The Third Turn

Dr. Mark L. Vincent's Blog

Embracing leadership paradox and managing leadership tension

Posted by Mark L. Vincent on Nov 14, 2013 6:00:00 AM

In the online classes I teach on executive leadership, we often discuss paradoxes leaders must embrace. A discussion that sometimes emerges is whether there is a difference between tension and  paradox. I think there is.

leadership tension, design group internationalTension is when two items exert pressure, apparently pushing at the same thing from both directions. Both are important. Both must be understood and acted upon in order to have business both today and tomorrow. One gives way to the other and then back again. Tension can be profound and feel paradoxical, but it isn't a paradox. Tension is managed. 

leadership paradox, mark l vincent, design group international, organizational development museA paradox is two items that stand in conflict, apparently  pulling apart from one another. Both are important. Both most be understood and acted upon in order to have business both today and tomorrow. Yet, choosing one I abandon the other. Addressing the other I turn away from the one. There is a parallel track rather than an intersecting point. I cannot manage paradox. I have to embrace its existence.

The difference is that with tension the leader tries to find the middle, the balance, the path where both sides of the tension are recognized and valued (i.e. left and right brained thinking). With a paradox, it is more complicated. There is no balanced, compromised position. Both parts of the paradox are true, could be exercised fully, but likely cannot (e.g. two highly qualified candidates for the same job, the other of which will likely be hired by a competitor).

Let's use a paradox (a leader's need to communicate/and knowledge they cannot communicate fully) as an example.

A leader needs to communicate or followers cannot know what is expected. But, to communicate is to increase the possibilities of being misunderstood or of someone not hearing the message. This creates feedback loops and multiple communication streams that consume energy that would otherwise be used in accomplishing the mission. The leader communicates in order to be understood but finds that the act of communicating increases incidences of misunderstanding and the need to clear them up. The alternative is to not communicate at all and watch the organization disintegrate.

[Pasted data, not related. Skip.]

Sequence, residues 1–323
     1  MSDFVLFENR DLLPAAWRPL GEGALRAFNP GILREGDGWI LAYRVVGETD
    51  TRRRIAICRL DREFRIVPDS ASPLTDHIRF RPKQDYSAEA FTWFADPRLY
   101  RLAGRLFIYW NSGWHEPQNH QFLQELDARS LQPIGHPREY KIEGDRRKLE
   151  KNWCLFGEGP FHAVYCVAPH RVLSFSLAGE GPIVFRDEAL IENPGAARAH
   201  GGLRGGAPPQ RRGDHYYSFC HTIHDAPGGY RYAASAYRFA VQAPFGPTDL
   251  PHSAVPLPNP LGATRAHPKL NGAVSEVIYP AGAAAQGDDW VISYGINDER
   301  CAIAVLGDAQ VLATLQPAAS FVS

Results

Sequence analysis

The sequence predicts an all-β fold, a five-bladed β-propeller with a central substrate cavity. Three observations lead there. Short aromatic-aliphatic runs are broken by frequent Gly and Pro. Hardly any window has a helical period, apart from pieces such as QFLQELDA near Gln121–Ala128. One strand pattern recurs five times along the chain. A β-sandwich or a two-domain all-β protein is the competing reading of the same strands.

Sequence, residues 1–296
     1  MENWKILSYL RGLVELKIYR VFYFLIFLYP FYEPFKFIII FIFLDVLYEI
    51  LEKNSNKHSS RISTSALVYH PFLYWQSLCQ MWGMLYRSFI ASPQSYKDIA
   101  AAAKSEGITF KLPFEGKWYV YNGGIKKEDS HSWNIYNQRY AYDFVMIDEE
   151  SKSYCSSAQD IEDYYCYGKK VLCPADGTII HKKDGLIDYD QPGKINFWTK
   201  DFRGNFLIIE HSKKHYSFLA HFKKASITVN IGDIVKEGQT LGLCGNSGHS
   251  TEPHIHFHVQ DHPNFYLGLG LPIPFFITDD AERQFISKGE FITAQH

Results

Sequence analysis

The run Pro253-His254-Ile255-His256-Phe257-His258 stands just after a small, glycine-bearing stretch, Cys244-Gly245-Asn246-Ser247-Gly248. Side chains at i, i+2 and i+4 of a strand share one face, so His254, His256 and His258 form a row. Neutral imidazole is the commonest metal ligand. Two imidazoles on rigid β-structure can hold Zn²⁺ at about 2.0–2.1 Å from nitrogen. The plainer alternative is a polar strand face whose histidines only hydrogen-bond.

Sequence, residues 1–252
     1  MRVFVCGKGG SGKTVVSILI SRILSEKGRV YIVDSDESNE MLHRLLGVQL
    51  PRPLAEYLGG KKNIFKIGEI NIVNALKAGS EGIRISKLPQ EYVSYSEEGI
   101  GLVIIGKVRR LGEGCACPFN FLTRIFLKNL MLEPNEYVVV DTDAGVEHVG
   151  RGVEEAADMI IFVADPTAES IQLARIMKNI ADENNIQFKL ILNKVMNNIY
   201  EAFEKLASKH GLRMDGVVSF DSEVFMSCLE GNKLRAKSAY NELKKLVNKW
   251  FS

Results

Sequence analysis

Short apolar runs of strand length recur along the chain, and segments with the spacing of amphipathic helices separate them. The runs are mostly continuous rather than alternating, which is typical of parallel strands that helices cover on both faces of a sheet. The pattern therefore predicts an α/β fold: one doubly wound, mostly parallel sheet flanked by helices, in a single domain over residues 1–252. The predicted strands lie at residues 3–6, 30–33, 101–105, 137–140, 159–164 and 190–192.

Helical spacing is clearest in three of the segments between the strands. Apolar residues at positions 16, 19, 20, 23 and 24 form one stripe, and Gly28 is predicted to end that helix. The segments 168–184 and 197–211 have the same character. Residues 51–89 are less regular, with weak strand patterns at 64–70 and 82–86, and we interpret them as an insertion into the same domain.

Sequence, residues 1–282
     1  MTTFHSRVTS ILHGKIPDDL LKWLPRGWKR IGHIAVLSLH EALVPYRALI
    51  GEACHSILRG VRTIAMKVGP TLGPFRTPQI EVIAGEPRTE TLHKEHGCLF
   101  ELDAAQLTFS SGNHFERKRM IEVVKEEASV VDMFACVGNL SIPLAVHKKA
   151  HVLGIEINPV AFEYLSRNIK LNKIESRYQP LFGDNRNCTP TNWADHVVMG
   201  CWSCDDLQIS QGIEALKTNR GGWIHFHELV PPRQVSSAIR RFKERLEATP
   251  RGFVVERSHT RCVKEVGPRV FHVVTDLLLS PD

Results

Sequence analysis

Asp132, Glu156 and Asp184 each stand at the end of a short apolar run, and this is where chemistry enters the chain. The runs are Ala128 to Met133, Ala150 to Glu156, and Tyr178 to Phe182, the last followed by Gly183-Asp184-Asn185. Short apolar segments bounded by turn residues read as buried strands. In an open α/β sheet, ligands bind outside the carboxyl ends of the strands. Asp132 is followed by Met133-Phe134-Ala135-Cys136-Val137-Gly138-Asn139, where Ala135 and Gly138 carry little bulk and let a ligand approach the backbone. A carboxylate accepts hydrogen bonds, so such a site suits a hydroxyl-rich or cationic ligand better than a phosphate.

There is no middle path here, no tension to resolve. It is not both/and. It is a dynamic that never goes away and which the leader must embrace. Communicate and have to deal with misconstrued and misunderstood messages, no matter how clearly they were formulated and presented. Don't communicate in order to avoid being misunderstood and other messages fill the void. Failure comes on many levels. Failure will always be present with success (ooops another paradox).

The leader must understand that paradox goes with the territory. It is one of the burdens. Therefore, excellent leaders who choose to communicate do so believing that even with the drag on productivity there is a corresponding increase when they patiently, persistently craft and broadcast the message. Their 1,000th time saying something might be the 1st time someone finally gets it even though someone new gets it wrong.

Tensions and paradoxes might not seem all that different so let me try it one more way. With a tension I try to become good at both. At least I acknowledge their importance. With a paradox, I will choose one knowing that the other persistently pulls on me and cannot be fully addressed. Whatever I choose there is an accompanying burden to embrace because I embraced leadership.

-mark l vincent

mark l vincent, design group international, process consulting, organizational development muse

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Topics: process consulting, organizational development consulting, leadership tension, leadership paradox, Organizational Leadership, Mark L. Vincent, Design Group International


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